About the Club
This Cheshire Golf Club was founded in 1889 and is located just outside Wilmslow in the North West of England. The fine parkland golf course measures over 6,635 yards and the Clubhouse offers a comfortable environment both before and after golf with magnificent views over the course.
The Club has hosted major professional tournaments and has been a regional qualifying course for The Open. Whilst the course is a fine test of golf for the low handicapper it also provides an enjoyable experience to golfers of all ability.
The Club warmly welcomes visitors and visiting parties and a number of open amateur events are held in the summer.
Wilmslow has played host to fields of European Tour stars, Open Championship aspirants and amateur golfers of the highest calibre. Nobody has taken the course apart. Yet it is not a daunting prospect for the higher handicap golfer. This is a subtle course which rewards intelligent play.
A prime example is the 1st hole, a short par 4 which is occasionally driven by the prodigious. The rest of us need to use our brains. Drive too far to the right and a copse lurks; too far to the left and 3-off-the-tee is the likely outcome; too long and the drive runs out of fairway. There is plenty of fairway beckoning, but only a little of it allows an approach shot to be played down the line of the angled green. It is simple, but strategic, and that is the theme on almost every hole.
One of the toughest drives follows at the 2nd, a sharp left hand dog-leg that tempts the mighty to clear tall trees, flirt with bunkers, or, again, run out of fairway by not thinking clearly. On the 4th, too, the drive is again fundamental, with bunkers to be avoided yet challenged if the best angle into a tricky green is to be found. Both par 5s on the outward nine offer birdie or eagle chances to strong hitters, but they are cleverly bunkered for the high-handicapper. The 8th offers a marvellous opportunity to reward the player able to draw the ball, or brave enough to take on the trees on the direct route, while the diminutive 9th, lying as it does on the far side of a stream, frequently provokes over-clubbing followed by desperate rescue attempts.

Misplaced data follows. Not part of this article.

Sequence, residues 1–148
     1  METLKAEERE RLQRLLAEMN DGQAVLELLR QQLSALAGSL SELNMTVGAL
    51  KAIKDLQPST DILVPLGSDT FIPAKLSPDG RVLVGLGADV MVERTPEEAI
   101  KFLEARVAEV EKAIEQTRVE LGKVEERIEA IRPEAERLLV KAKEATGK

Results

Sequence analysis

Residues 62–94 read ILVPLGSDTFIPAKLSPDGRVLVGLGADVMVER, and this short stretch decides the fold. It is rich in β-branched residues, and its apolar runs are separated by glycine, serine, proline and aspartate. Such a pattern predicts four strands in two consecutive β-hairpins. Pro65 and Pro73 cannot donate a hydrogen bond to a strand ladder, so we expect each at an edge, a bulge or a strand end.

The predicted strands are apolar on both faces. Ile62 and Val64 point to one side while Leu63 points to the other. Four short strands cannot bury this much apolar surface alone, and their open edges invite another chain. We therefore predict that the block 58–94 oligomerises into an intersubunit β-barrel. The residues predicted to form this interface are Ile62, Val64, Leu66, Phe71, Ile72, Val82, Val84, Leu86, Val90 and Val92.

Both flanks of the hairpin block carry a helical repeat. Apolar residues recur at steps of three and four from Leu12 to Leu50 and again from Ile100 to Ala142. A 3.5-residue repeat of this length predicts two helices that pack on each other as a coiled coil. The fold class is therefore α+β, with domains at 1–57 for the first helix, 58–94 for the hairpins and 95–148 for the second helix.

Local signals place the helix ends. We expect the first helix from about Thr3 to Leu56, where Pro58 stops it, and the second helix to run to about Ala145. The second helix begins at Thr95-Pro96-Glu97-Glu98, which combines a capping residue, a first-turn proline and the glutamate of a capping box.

The back nine begins right outside the Professional’s shop, the 10th being yet another hole on which good position off the tee is essential if the green is to be easily accessed. All golfers fancy their chances on the 11th, a short par 4, but its defences are stout. One of the finest driving holes follows, the 12th, beautifully bunkered both off the tee and on the approaches to one of the largest greens on the course. Good driving distance is a considerable advantage on the par-5 13th, a down slope on the far side of a ridge usually adding many precious yards to the drive.
There is no compromise on the par-3 14th, a compulsory carry over a deep river valley to find an elusive green. Then comes a stern two-shot hole, the 15th, with the best line from the tee difficult to discern and fairway bunkering appropriate to all classes of golfer. Again it is placement of the drive rather than brute strength which unlocks the 16th hole, a dog-leg to the right to a handsomely sited green amid the trees. Another compulsory carry, this time a little shorter, is called for on the pretty par-3 17th. The final hole is a great gambler’s hole, a par 5 that is reachable in two by the strong player, but only if the tee shot is long and straight, finding the perfect spot on the elevated fairway from which a glorious second shot awaits, tumbling downhill to a well-bunkered green nestling between a grassy bank and Mobberley Brook, over which the opening drive was made.
3 miles West of Alderley edge